The Castle Wilderness

Recently the Government of Alberta announced its intention amend the South Saskatchewan Regional Plan (SSRP) to protect the Castle as a Wildland and Provincial Park. This is an integral step to preserve clean water for downstream communities, safeguard our province’s biodiversity, provide habitat to important wildlife such as grizzly bear and cutthroat trout and provide places for Albertans to connect to nature. But the work is not done yet!

The government public consultation period ended October 5th on the designation of the Castle and its management plan. We will keep you posted. 

The Castle is a special place because:

• It is a water tower for much of Southern Alberta, providing one third of all water in the Oldman Watershed.
• It has profound cultural and sacred value to the Nitsitapii, Piikani (Peigan), Siksika, Kainaiwa (Blood), and Blackfeet First Nations, as well as the Nakoda (Stoney) and K'tunaxa First Nations.
• It is second only to Waterton National Park for species richness (number of species) in the province. It is home to over 120 provincially rare plant species and 59 species of mammals.
• It encompasses Alberta's second largest montane landscape.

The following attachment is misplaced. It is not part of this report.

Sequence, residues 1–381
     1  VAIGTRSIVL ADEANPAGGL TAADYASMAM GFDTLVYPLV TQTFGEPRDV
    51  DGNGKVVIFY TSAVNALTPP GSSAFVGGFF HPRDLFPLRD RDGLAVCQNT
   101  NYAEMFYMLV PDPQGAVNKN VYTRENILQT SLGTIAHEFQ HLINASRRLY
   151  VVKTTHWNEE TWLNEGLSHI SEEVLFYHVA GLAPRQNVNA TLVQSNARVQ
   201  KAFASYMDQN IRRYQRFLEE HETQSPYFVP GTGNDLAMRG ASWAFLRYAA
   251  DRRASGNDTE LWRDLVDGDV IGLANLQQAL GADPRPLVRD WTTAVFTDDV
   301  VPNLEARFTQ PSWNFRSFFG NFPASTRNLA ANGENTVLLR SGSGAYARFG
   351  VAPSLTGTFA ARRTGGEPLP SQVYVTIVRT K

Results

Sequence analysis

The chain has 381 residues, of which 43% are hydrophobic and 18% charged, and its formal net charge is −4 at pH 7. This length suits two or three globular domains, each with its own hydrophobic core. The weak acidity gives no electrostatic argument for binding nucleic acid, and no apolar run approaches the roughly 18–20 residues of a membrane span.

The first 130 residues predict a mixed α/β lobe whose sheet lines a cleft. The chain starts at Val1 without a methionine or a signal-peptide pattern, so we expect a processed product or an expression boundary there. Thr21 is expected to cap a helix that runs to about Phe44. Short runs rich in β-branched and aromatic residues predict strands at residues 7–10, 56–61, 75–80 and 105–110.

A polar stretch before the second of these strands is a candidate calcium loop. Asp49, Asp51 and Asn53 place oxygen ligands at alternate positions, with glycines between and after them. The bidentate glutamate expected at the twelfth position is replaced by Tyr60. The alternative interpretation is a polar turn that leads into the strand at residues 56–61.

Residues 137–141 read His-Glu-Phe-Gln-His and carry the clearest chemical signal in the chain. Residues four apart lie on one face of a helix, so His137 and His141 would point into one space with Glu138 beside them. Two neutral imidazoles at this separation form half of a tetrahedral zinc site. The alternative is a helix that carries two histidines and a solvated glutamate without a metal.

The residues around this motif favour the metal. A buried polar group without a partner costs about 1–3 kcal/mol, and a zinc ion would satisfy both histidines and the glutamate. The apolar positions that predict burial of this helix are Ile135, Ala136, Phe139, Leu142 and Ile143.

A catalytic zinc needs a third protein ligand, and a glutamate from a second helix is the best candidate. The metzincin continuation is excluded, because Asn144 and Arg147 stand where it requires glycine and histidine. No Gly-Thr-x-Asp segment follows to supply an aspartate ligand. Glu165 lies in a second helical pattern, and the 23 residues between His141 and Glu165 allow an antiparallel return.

• It is crucial to the state and health of the Crown of the Continent Ecosystem and the greater Rocky Mountain ecosystems.
• It is a critical connection for grizzly bears, and other wide ranging mammals, from Waterton-Glacier National Peace Park to other protected areas in Canada.
• It holds great recreational opportunities for hiking, horseback riding, backcountry camping, and wilderness discovery.


The Caste Special Place is part of the headwaters of Southern Alberta.  The Castle supports a full suite of aquatic ecosystems in Southern Alberta including rivers, streams, lakes, wetlands and groundwater systems. In water scarce Southern Alberta, the Castle headwaters are vital to providing water to multiple users. Intact forests in the Castle supply water to agricultural, municipal, industrial, and recreational users, help maintain healthy crops and crop yields, support wildlife habitat, and regulate natural processes such as flood control, soil erosion and sedimentation. Protection of these headwaters is integral to protecting the quality of life for Albertans.